A Perspective on the Prospective Use of AI in Protein Structure Prediction
This article examines the impact and limitations of AlphaFold2 (AF2) and RoseTTaFold (RF) as highly reliable and effective methods for predicting protein structure. Emphasis is placed on their integration into experimental pipelines and their application to different classes of proteins, including membrane proteins, intrinsically disordered proteins (IDPs) and oligomers. Due to difficulties in capturing conformational ensembles and interactions with the membrane, predicting the structure of membrane proteins remains challenging for both AF2 and RF. Improvements in the incorporation of membrane-specific features and the prediction of the structural effects of mutations are crucial. For intrinsically disordered proteins, AF2’s confidence score serves as a competitive disorder predictor. However, integrative approaches with molecular dynamics simulations or hydrophobic cluster analyses are advocated for an accurate representation of the dynamics. AF2 and RF show promising results for oligomeric models, outperforming traditional docking methods, with Alpha Fold-Multimer showing improved performance. However, some caveats remain in particular for membrane proteins. AF2 and RF show promising results for oligomeric models, outperforming traditional docking methods. AlphaFold-Multimer shows improved performance. However, some caveats remain, particularly for membrane proteins. Combining AF2 models with molecular dynamics simulations can be used complementarily.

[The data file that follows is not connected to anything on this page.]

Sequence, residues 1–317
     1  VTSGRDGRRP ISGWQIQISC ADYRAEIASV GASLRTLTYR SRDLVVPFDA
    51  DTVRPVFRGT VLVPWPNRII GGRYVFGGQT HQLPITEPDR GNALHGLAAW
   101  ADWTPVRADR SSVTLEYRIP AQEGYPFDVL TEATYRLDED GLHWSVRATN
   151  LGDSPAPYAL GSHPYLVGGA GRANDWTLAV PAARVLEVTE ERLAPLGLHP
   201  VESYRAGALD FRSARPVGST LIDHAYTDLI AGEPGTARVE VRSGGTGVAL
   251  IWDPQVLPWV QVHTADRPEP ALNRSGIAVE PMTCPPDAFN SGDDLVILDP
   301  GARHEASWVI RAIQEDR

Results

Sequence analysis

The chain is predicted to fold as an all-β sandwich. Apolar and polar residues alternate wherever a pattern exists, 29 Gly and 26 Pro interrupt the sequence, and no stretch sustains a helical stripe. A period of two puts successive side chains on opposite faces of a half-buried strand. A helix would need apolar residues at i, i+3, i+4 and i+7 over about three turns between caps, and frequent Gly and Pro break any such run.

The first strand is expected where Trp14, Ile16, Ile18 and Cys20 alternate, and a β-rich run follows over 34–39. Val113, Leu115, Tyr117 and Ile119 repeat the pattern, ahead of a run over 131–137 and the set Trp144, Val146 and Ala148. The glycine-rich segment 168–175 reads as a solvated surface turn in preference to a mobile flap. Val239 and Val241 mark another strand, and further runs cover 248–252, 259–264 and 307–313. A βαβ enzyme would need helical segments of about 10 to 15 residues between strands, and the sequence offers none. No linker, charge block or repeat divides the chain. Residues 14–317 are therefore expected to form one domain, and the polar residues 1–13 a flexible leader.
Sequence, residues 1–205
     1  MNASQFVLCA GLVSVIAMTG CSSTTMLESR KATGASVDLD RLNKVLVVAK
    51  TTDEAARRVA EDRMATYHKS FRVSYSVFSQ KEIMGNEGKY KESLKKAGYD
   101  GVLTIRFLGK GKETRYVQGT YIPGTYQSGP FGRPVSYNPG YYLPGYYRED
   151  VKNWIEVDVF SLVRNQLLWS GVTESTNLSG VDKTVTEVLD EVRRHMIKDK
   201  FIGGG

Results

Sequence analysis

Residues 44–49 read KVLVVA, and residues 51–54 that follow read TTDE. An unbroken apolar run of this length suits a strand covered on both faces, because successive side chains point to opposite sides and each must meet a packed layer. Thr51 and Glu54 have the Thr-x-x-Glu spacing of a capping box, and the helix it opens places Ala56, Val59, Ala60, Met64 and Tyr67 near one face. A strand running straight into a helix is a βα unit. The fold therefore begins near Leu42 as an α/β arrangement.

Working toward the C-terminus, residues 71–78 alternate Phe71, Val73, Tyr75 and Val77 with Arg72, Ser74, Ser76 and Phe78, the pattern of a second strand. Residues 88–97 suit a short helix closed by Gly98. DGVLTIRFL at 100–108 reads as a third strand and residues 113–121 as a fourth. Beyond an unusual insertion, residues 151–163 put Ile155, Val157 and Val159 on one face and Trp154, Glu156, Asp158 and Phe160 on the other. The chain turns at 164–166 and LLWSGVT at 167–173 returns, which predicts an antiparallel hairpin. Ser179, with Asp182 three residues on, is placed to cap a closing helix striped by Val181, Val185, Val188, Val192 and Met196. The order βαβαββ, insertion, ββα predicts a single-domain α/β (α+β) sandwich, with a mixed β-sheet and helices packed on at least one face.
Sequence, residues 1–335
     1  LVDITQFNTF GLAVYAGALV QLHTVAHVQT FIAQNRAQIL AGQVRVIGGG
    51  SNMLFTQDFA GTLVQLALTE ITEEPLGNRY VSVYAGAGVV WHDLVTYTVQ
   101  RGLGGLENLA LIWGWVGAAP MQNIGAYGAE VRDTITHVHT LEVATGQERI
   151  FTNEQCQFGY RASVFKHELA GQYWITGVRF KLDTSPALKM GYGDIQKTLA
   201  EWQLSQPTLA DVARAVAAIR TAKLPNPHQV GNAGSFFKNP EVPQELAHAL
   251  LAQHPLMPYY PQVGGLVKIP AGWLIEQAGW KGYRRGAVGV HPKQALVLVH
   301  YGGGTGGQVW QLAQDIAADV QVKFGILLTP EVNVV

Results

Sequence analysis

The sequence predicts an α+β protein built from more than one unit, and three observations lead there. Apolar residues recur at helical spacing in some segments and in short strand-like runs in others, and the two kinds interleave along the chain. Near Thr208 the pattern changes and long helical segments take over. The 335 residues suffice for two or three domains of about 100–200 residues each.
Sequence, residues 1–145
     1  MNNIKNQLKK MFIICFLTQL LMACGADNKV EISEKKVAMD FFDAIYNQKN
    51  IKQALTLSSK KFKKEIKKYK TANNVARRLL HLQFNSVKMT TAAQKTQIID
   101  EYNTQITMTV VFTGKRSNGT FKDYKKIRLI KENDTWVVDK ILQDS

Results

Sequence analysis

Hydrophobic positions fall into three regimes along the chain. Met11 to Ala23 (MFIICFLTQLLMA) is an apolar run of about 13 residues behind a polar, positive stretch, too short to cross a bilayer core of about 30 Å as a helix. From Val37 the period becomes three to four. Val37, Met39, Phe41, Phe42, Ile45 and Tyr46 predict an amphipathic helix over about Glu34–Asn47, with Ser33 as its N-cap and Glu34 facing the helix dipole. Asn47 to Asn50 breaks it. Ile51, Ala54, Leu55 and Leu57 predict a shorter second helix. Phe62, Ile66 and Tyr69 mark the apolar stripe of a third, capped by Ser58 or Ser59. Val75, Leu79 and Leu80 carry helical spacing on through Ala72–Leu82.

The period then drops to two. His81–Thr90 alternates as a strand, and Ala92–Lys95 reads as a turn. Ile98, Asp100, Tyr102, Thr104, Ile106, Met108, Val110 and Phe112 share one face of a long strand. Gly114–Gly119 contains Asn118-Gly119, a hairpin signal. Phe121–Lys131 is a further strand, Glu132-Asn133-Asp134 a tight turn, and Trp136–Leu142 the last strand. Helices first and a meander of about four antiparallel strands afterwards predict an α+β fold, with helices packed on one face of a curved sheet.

The authors propose a "wish list" for improving deep learning-based protein folding prediction models, including using experimental data as constraints and modifying models with binding partners or post-translational modifications. In addition, a meta-tool for ranking and suggesting composite models is proposed to drive future progress in this rapidly evolving field.